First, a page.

Power of Attorney & Living Trusts

by John Stevens

    A living trust and power of attorney are often executed together to create an estate plan. A living trust is designed to manage property. A power of attorney allows a person to act on behalf of another. Together, these documents are valuable estate planning tools. To assure both documents meet legal requirements, consider consulting an attorney or using the services of an online document provider.

    Estate Planning

    An estate plan refers to a comprehensive bundle of documents that provides for the management of your property during life and after death; a person or persons of your choosing is usually named to carry out your wishes in the event of your death or incapacity. Although a living trust can be the foundation of an estate plan, it should be combined with a last will and testament, power of attorney for finances and power of attorney for health care to form a comprehensive estate plan.

    Living Trusts

    A living trust is a trust created during the lifetime of the person who creates it, as opposed to a testamentary trust which is created at death. The primary purpose of a living trust is to provide for the management of property, both real and personal. The person in charge of a living trust is called a trustee. The person who creates the trust, called the settlor or trustor, is usually the first trustee. The settlor names another person to take over as successor trustee should the settlor die or become legally incompetent. At that point, the successor trustee takes over management of the trust and maintains or distributes the trust property to the beneficiaries identified in the trust upon the settlor’s death.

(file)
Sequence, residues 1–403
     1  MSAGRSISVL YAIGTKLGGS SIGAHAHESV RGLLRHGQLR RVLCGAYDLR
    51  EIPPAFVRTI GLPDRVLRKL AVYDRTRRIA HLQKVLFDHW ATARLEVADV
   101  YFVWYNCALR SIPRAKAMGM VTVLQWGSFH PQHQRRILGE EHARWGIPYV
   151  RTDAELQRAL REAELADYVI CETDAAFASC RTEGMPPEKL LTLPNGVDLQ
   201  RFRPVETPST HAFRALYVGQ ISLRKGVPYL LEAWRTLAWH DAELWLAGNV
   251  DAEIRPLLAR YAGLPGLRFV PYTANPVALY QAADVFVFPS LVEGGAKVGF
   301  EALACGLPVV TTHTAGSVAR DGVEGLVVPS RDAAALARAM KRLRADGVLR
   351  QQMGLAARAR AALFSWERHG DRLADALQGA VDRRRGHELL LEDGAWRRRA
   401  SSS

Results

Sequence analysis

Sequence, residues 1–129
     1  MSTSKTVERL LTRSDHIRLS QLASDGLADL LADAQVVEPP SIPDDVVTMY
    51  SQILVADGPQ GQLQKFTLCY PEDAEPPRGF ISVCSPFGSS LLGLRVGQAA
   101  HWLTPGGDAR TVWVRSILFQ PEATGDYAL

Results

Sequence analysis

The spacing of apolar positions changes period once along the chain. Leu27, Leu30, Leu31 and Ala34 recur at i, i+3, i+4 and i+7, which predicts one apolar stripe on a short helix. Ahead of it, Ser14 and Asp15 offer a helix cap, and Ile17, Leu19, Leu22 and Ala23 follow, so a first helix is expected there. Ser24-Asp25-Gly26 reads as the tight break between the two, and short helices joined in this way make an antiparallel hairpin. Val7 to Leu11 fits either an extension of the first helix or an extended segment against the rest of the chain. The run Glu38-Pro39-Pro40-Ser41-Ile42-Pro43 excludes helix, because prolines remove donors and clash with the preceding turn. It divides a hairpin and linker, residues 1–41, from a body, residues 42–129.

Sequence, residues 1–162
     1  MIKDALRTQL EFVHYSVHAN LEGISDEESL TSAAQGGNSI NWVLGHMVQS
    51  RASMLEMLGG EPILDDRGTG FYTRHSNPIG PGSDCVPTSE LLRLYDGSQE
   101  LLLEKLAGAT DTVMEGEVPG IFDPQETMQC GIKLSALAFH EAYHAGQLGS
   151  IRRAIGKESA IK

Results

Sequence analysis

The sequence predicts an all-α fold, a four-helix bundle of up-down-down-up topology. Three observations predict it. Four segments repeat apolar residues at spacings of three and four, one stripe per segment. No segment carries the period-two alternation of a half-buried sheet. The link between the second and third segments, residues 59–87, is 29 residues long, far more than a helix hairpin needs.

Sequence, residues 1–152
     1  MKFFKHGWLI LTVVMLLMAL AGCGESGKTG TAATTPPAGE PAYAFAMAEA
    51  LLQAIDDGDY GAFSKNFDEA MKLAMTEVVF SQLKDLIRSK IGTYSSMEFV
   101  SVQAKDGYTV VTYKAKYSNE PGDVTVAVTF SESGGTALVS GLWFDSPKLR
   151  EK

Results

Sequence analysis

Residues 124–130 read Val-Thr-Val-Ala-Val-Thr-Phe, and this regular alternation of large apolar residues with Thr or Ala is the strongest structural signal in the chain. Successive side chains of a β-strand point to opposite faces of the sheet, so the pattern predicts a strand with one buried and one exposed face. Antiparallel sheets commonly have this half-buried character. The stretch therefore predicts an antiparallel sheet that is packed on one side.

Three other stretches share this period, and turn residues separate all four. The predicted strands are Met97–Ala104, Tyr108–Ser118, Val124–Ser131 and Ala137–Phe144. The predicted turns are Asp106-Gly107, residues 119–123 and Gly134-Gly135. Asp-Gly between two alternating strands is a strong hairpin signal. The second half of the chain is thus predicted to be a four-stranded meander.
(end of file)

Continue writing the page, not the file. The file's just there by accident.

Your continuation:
Power of Attorney for Finances

    A power of attorney for finances is a document that authorizes a person, called an agent, to act on behalf of the person granting the power, called the principal, with respect to financial matters. A power of attorney for finances may give an agent very broad powers, enabling the agent to act on behalf of the principal with respect to virtually any financial transaction, or very limited powers, such as access to a specific bank account. A principal must be of sound mind when signing a power of attorney and can cancel it at any time, so long as the principal is mentally competent to do so. A durable power of attorney goes into effect immediately and remains in effect should the principal become incapacitated. A springing power of attorney goes into effect upon the happening of an event, typically when a principal becomes incapacitated.

    Power of Attorney for Health Care

    A power of attorney for health care, sometimes referred to as an advance health care directive, is similar to a power of attorney for finances except it directs an agent to act on behalf of the principal with respect to medical decisions when the principal cannot act on his own. A health care power of attorney usually includes both general and specific instructions. It could give the agent permission to speak with the principal’s doctors regarding the principal’s medical condition or allow the agent to give or deny permission for certain medical procedures. As with a power of attorney for finances, the principal can cancel a power of attorney for health care so long as the principal is mentally competent to do so.

    References & Resources

    • Examples & Explanations: Wills, Trusts, and Estates (3rd Edition); Gerry Beyer
    • Guide to Wills and Estates (3rd Edition); The American Bar Association

    About the Author

    John Stevens has been a writer for various websites since 2008. He holds an Associate of Science in administration of justice from Riverside Community College, a Bachelor of Arts in criminal justice from California State University, San Bernardino, and a Juris Doctor from Whittier Law School. Stevens is a lawyer and licensed real-estate broker.